Sunday, September 28, 2014

“Maps To The Stars”– Movie Review



On the second night of The New York Film Festival, I saw the U.S. Premiere of the new David Cronenberg movie, “Maps To The Stars”, starring Julianne Moore, John Cusak and Robert Pattinson.


While a fading Hollywood star desperately tries to revive her career, she hires a young woman as her new personal assistant – but when the assistant’s hidden agenda gets in the way of her job, will the star’s life and career be at risk?


Havana (Moore), is a beautiful and talented Hollywood actress whose career has been sliding downhill for the past few years.  A one-time award winner, her agent now finds herself struggling to find work for Havana.  Amidst all of this, Havana is also in great need of hiring a new personal assistant when she is introduced to Agatha (Mia Wasikowska), a young woman who has left Florida in order to come to Los Angeles – for what reason, she’s not even sure; despite finding Agatha a bit quirky, Havana hires her immediately.

Upon arrival in Los Angeles, Agatha meets Jerome (Pattinson), an aspiring actor-writer who currently pays the bills by working as a chauffeur.  Over time, the two strike up something of a friendship and eventually wind up dating.  But beyond her work and romantic life, Agatha has other interests which she hasn’t chosen to share with either Havana or Jerome:  she wishes to reunite with her younger brother Benjie (Evan Bird), who is now, although only a teenager, a rather big star in his own right.  Unfortunately, their father, Dr. Stafford Weiss (Cusak), objects to this on the grounds that Agnes is mentally unstable and once tried to hurt Benjie; now that the boy is something of a goose laying the golden egg for his family, Dr. Weiss is being extra careful to make sure no harm comes to his son. 

Benjie has problems of his own as he is haunted by nightmares that may be focusing on his unusual and unnatural relationship with Agatha.  With images from his nightmares being so realistic, he begins acting out in ways that will very likely threaten his livelihood, negatively impacting his already fractured and dysfunctional family.  Later, when Agatha learns of how she was betrayed by a jealous and insecure Havana, she realizes that Havana can no longer be trusted – but with Agatha history of instability, does this mean that Havana’s life is in danger? 


I’m not sure if “Maps To The Stars” is a drama, a comedy (there are some extremely funny moments in writer Bruce Wagner’s screenplay) or a horror movie (how could it not be, given director David Cronenberg’s track record?).  Whatever category it may be, there is one thing that’s for certain:  “Maps To The Stars” is a crazy, daring story that’s wildly entertaining.  When this film played at The Cannes Film Festival, its star Julianne Moore won the festival’s award for best actress; while it was much deserved based on her tragi-comic portrayal of an actress at the end of her rope – if not her career – I have to wonder how well it will be received here in the United States.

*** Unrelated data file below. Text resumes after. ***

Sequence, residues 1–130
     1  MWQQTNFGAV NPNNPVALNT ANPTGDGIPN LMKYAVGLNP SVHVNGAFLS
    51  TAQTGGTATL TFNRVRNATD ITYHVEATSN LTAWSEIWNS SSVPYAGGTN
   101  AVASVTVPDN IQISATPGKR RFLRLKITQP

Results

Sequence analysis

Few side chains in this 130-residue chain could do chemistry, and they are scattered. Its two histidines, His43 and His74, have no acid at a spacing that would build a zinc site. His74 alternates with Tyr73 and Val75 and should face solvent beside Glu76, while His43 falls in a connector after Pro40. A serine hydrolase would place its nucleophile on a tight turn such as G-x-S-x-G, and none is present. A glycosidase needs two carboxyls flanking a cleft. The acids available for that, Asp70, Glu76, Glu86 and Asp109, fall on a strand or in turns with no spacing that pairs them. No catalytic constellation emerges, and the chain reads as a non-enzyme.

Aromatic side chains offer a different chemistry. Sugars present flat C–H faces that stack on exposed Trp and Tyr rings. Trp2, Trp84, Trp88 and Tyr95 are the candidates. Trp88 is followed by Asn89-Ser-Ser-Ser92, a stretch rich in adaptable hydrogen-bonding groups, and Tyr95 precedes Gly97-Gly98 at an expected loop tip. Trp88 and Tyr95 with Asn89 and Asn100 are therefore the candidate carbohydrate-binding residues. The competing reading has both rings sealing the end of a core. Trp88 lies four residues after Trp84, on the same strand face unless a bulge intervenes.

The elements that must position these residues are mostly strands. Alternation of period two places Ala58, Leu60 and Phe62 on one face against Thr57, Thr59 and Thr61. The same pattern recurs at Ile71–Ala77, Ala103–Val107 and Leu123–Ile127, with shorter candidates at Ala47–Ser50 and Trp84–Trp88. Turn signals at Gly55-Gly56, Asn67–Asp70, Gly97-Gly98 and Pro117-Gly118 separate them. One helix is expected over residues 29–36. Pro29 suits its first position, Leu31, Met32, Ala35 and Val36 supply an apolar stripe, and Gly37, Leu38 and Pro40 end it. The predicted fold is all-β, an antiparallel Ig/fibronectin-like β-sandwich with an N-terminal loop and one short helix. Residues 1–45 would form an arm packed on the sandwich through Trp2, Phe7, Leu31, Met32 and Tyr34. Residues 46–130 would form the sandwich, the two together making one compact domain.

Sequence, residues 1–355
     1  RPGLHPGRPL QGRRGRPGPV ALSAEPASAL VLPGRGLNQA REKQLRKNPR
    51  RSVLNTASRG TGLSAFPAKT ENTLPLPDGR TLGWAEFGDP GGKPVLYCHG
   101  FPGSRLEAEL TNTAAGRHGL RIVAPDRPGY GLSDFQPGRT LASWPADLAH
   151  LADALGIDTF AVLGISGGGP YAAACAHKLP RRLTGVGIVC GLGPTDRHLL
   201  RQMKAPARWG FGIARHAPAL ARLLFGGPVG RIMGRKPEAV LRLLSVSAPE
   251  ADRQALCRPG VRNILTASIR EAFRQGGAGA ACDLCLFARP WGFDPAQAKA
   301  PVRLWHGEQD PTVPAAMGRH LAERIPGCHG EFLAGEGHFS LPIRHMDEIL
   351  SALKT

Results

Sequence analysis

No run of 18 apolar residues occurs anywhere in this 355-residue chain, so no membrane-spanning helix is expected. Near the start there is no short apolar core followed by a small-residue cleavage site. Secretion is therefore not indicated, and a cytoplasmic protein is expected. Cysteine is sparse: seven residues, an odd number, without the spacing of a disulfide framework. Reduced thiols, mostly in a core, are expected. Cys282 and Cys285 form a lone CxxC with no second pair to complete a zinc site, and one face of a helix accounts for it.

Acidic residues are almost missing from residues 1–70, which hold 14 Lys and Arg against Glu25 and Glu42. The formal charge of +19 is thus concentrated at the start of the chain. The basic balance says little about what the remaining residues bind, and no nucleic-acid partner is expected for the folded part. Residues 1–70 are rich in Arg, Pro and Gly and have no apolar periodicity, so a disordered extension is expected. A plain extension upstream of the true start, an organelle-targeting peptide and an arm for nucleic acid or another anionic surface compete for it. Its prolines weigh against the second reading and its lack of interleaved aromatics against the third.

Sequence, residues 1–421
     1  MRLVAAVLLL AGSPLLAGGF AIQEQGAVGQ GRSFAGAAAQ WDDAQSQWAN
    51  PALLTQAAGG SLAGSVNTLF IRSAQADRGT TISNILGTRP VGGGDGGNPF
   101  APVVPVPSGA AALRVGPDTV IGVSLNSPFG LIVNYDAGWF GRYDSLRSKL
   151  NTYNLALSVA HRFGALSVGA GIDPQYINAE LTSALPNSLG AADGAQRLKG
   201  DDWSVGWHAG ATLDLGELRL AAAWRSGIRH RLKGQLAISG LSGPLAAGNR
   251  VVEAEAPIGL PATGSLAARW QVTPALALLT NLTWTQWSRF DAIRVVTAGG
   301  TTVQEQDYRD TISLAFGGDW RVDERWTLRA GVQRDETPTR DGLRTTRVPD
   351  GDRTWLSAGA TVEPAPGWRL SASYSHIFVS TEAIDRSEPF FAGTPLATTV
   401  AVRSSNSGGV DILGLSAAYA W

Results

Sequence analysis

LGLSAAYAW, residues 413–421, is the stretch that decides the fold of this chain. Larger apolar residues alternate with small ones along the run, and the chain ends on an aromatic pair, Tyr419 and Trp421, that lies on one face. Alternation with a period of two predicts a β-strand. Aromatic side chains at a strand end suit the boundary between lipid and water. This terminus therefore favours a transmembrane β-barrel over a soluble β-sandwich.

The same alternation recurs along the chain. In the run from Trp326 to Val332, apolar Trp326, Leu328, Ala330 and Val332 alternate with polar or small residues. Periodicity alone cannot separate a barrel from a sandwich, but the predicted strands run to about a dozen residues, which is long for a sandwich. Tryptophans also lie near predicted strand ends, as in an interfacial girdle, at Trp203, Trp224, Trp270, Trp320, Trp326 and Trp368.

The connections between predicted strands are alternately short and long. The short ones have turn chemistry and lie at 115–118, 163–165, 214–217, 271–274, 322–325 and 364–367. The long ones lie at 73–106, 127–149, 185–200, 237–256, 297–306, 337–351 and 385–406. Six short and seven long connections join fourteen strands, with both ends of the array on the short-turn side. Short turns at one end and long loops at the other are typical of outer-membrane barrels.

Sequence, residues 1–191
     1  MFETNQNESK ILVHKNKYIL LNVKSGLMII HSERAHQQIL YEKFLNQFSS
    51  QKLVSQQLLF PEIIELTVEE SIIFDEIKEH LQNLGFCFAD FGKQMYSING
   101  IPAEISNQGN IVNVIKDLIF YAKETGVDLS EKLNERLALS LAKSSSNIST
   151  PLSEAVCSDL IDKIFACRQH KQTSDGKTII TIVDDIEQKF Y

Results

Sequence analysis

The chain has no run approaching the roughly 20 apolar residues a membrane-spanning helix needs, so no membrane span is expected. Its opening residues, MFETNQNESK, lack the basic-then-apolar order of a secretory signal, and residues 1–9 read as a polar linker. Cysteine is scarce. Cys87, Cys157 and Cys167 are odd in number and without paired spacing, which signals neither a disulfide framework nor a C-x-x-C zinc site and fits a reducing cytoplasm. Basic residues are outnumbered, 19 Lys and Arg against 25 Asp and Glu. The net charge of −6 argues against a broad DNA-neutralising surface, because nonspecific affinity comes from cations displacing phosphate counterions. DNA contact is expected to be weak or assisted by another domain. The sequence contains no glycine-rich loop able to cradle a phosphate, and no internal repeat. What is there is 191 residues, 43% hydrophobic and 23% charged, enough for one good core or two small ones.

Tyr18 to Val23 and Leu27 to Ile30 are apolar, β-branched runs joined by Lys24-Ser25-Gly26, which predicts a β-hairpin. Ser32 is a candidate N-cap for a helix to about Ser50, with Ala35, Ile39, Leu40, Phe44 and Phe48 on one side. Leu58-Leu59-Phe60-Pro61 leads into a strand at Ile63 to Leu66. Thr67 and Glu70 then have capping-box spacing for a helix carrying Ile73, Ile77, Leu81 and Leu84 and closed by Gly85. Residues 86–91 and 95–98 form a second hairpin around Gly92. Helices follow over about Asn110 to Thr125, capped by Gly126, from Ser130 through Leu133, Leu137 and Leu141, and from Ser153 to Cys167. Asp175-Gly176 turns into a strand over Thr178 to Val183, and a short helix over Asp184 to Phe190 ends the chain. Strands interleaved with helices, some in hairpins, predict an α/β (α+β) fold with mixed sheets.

As much of a fun ride as it is for the audience, distribution and acceptance in this country may be difficult due to the fact that it takes such a harsh look at much of Hollywood – both in terms of the show business industry that makes the town click and the narcissists who inhabit that business.  While there certainly have been some successful movies that send up Hollywood, most of them have been done by people who are internal to that system; Cronenberg, however, is something of an outsider – he’s a Canadian and the film is a German-Canadian production.  As outsiders, offense may be taken at the knocks against the American entertainment industry. 

Following the screening, there was a brief question and answer session with Cronenberg, Moore, Wagner and Howard Shore (who composed the score); unfortunately, Shore didn’t get a chance to field too many questions – his music for “Maps To The Stars” was very understated and mysterious.  You barely notice it, which may be the best compliment you can give a soundtrack.  Cronenberg said he wasn’t sure what rating the film would get here in the United States; he was hoping for an R but wouldn’t be surprised if it got an NC-17 (there’s graphic sex and violence aplenty).  Despite many funny jokes in his screenplay, Wagner may have saved the best line of the night when discussing writing; he said that writers often re-visit their previous work, “like dogs circling their own vomit”.   

Maps to the Stars (2014) on IMDb

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